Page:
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Writing Song Melodies: Be Careful With Melodic Leaps

A song melody is made up of notes that either move by step (i.e. adjacent notes: C-D-E-D-E-F…) or by leap (i.e. skipping a note, or several notes, to get the next note: C-A).

It’s probably correct to say that most song melodies use stepwise motion more than leaps. Some songs might use mostly leaps in one section, and mostly stepwise in another. “The Star-Spangled Banner“, for example, starts with six consecutive melodic leaps.

Hooks and RiffsSongwriters are very familiar with the chorus hook, but there are other kinds to experiment with, and you will want to discover the power of layering various kinds of hooks in the same song. “Hooks and Riffs: How They Grab Attention, Make Songs Memorable, and Build Your Fan Base“ shows you how it’s done.

Melodies that move mainly by step (like “Groovy Kind of Love”) are much easier to sing than those that move by leap. There are two main reasons for that:

  1. A leapy melody is a little harder for inexperienced singers to sing in tune, since it requires the vocal apparatus to move quite a bit in order to get the notes right.
  2. A leapy melody moves quickly from low notes to high notes (or high to low for descending melodies), and so singers need to have good vocal control and a good range.

But stepwise melodies mean that if you have one note right, it’s easy enough to find the next note, since it’s very close by.

Even though leapy melodies are harder to sing, a melodic leap has the characteristic of injecting a bit of musical energy into the melodic line, particularly if that leap is in an upward direction. The iconic example of this can be heard in the Christmas classic “O Holy Night“: “O night… Di-VINE…”

As a songwriter, what do you need to keep in mind as you create melodies? Here are some tips:

  1. Your listeners/fans will find it harder to sing leapy melodies. Every good melody will use leaps, but keep the balance of leaps-versus-steps mostly toward stepwise.
  2. Listeners will find it easier to remember melodies that they can sing easily. So a mainly stepwise melody will have the benefit of being easier for your fans to recall and hum while they’re walking down the street.
  3. Try placing melodic leaps at emotionally significant moments of your lyric. A leap upward really draws attention to itself, so putting a melodic leap where you want your audience to feel something is a good thing. It doesn’t need to be a big leap, either. Think of the final “Like a bridge over troubled water” upward leap in the final verse of that song (Simon & Garfunkel), which is only a leap of a 3rd, but it’s so powerful.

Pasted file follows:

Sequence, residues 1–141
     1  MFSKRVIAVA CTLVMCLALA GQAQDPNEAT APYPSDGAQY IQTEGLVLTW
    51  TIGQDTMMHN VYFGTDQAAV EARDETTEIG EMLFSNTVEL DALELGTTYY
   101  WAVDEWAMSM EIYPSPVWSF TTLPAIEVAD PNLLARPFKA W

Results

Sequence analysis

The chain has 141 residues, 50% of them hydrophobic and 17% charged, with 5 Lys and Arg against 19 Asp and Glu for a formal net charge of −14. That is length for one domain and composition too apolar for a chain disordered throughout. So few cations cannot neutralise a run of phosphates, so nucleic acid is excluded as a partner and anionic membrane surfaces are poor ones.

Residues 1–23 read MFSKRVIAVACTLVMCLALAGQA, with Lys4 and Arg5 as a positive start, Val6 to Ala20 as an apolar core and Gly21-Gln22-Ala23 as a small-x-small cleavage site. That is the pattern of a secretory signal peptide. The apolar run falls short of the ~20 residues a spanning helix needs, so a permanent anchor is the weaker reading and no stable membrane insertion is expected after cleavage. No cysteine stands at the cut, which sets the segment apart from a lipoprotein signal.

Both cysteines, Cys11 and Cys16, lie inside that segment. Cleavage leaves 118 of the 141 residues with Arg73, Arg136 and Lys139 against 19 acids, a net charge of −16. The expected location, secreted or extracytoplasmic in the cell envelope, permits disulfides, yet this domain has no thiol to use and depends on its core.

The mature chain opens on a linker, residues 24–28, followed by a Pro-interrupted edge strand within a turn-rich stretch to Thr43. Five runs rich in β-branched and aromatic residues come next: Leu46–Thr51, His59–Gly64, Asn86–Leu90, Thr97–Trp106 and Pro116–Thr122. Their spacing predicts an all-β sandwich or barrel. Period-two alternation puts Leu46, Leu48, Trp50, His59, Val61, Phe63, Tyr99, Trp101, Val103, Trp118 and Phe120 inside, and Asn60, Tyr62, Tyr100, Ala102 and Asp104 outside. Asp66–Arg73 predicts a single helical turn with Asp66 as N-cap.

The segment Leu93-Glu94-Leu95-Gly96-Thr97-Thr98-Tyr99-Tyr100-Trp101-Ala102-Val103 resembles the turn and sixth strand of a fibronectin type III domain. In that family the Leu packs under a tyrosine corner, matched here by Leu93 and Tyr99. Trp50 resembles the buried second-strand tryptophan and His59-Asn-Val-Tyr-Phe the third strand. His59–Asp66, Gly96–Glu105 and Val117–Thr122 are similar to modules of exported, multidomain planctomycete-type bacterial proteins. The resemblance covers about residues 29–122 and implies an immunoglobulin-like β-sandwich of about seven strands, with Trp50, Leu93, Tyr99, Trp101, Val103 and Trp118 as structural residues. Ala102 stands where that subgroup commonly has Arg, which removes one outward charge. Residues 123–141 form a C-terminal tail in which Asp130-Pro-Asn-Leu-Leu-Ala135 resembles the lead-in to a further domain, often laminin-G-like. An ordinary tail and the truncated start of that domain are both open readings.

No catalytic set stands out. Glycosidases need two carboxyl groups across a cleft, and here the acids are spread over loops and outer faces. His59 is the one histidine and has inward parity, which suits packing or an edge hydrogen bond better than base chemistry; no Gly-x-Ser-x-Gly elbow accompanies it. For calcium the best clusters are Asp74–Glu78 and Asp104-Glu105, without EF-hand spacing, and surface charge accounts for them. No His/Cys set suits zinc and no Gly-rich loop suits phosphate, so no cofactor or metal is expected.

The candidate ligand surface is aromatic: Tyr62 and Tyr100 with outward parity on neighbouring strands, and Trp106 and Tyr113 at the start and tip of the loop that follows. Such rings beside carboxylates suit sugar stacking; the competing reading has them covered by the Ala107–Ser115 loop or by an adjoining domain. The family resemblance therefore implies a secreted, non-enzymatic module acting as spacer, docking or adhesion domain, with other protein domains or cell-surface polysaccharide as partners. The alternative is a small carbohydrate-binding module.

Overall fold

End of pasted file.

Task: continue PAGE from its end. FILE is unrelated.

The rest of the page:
4. Use more (or fewer) melodic leaps to help control the musical energy of the melody line in your song. If you find that your verse sounds too energetic for the chorus that follows, you may find that you’ve used lots of leaps in your verse melody. Finding ways to remove the leaps by replacing them with stepwise motion can be all you need to diminish the verse’s musical energy.
  5. A downward leap can create musical energy by making the upper note of the leap sound higher than it might otherwise sound in a stepwise melody. This is a bit wordy, but an example can demonstrate what I’m talking about here: The 1965 hit “Sunshine, Lollipops and Rainbows” (Marvin Hamlisch, Howard Liebling, recorded by Leslie Gore) uses a descending downward leap of a sixth at the very beginning of the melody. That leap downward places special significance on the very first note of the song, being the higher note of the descending leap.

Gary EwerWritten by Gary Ewer. Follow Gary on Twitter.

“The Essential Secrets of Songwriting” 10-eBook Bundle“The Essential Secrets of Songwriting” eBook bundle includes “Writing a Song From a Chord Progression”. Discover the secrets of making the chords-first songwriting process work for you.

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